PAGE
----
The Salt of Tears is showing at the 58th New York Film Festival on October 4, 2020. Buy tickets to the virtual theater here.
Philippe Garrel is a veteran French filmmaker who often shows us the surprises, disappointments, and disillusionments that men and women experience in their romantic relationships. We noticed this in two of his previous dramas -- In the Shadow of Women, which explored the pain and confusion in marriages rocked by infidelity, and Jealousy, about the isolation and disconnection felt by those who are unlucky in love. His latest film continues those kinds of explorations.
In the opening scene of The Salt of Tears, two strangers meet at a Paris bus stop. Luc (Logann Autuofermo) is a handsome and courteous young man who has come to the city to take a test in order to qualify for a prestigious carpentry school. Djemila (Oulaya Amamra) is a cute young lady with sparkling eyes and an appealing smile. Luc asks for directions and on the bus together they begin that universal dance of flirtation. They meet later for dinner and some more subtle forms of seduction. A kiss seals the deal between them and they are soon in a bed until Djemila refuses to have sex. Luc asks her what she was expecting and abruptly leaves. But once he returns to his village, they keep in touch with letters and she arranges to visit him there.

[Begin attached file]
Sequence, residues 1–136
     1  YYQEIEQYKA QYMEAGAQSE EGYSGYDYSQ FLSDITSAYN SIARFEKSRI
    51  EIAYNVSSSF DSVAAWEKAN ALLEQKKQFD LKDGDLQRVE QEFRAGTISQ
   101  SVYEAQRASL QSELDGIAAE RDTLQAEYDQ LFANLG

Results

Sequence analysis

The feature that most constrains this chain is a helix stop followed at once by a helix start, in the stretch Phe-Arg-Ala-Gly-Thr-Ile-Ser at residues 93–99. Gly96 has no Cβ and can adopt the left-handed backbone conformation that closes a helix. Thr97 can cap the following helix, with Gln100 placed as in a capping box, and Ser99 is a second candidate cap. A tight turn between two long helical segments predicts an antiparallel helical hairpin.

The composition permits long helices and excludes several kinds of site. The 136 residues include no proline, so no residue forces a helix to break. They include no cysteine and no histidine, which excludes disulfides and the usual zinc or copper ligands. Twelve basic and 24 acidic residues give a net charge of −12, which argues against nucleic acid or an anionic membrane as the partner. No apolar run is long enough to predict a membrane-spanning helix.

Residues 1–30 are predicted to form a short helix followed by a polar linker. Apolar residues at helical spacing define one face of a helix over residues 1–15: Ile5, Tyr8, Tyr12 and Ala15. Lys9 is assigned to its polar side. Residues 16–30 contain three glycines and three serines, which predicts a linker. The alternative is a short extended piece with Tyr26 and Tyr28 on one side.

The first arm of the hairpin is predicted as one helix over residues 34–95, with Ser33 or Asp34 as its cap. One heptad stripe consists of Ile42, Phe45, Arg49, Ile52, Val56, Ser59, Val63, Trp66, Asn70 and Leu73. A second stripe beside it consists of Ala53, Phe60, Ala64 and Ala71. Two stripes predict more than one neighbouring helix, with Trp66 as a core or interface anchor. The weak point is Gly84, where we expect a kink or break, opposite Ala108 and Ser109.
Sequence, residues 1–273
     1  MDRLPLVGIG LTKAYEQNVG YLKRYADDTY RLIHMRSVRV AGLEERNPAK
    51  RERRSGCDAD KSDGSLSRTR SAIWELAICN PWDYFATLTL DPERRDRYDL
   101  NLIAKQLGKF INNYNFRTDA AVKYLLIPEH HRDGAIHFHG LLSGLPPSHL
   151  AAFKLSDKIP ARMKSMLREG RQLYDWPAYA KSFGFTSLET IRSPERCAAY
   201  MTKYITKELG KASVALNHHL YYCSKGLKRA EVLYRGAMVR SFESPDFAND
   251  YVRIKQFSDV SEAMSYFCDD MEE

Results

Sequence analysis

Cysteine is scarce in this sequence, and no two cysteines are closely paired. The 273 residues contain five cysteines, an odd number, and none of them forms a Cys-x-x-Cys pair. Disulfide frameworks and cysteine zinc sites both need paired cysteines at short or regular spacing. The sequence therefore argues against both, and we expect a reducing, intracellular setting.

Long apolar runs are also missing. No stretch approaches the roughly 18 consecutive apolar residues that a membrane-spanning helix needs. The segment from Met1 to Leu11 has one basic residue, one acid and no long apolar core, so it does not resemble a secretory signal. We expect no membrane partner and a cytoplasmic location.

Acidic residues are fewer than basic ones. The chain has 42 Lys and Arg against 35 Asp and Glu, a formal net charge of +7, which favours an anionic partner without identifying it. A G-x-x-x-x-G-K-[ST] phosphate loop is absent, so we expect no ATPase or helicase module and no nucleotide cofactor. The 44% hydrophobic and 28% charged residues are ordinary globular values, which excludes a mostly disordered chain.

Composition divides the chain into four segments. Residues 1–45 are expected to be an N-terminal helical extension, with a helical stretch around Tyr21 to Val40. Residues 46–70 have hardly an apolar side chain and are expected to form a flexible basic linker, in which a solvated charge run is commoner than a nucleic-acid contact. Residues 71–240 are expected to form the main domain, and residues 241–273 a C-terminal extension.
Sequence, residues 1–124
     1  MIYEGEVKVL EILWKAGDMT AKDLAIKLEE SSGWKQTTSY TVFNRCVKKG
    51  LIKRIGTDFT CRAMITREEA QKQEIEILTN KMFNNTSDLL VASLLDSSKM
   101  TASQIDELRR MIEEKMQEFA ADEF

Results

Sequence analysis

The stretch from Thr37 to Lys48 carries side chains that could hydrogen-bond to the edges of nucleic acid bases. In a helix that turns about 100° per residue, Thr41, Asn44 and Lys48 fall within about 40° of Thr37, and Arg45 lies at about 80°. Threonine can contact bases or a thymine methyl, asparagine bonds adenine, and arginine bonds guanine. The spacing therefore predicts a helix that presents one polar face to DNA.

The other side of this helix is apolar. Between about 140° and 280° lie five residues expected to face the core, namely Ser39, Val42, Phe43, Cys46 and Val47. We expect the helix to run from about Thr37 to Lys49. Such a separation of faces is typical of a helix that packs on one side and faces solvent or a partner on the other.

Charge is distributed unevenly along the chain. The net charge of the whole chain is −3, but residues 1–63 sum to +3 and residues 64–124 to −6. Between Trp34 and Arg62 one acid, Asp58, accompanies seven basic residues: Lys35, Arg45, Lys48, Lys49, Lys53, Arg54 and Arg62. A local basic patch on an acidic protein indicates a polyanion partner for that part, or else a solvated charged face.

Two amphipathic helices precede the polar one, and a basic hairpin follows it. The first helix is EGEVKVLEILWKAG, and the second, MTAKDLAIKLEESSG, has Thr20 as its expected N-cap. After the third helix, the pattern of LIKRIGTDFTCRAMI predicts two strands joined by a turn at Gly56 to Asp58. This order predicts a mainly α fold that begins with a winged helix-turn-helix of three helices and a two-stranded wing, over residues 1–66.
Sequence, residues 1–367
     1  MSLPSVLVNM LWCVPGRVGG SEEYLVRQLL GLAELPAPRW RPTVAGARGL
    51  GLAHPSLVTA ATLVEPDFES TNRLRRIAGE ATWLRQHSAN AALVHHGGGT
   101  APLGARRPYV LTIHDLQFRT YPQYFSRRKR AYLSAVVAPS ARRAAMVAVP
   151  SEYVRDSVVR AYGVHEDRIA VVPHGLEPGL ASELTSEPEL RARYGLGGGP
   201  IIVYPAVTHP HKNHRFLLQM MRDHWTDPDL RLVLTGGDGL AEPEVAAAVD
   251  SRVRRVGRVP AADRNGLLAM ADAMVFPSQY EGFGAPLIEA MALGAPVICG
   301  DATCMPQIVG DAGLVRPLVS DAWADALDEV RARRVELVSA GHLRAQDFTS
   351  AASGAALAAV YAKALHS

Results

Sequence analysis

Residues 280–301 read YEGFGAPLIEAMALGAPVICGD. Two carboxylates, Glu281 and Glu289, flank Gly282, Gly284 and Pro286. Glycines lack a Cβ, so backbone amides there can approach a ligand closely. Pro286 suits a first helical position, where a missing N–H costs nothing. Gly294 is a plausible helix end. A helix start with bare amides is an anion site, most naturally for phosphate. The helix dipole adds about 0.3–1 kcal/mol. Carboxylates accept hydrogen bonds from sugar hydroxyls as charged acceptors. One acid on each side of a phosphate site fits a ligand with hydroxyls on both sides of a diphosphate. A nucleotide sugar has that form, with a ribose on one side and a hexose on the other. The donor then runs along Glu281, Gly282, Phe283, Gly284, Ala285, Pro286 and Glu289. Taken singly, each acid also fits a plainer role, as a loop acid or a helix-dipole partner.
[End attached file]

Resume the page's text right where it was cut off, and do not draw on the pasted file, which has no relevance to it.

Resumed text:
Carried along by a melodic score by Jean-Louis Aubertand and moving in sync with the voice-over narration, we follow Luc as he goes about his work with his dad (Andre Wils), a carpenter. After he reconnects with a prior girlfriend, Genevieve (Louise Chevillotte), we realize he's likely to treat Djemila shamefully. Turns out that despite his physical attraction to Genevieve, he will not give up his dreams for her. He heads off to Paris where in the third part of the film he connects with Betsy (Souheila Yacoub) in an unusual arrangement.
Director Garrel slowly unravels the source of Luc's treatment of women and it is worth the wait. Mark The Salt of Tears as another intriguing probe of male-female romance. Shot in black-and-white, it conveys a certain timelessness in its exploration of what are too-often missed opportunities in relationships.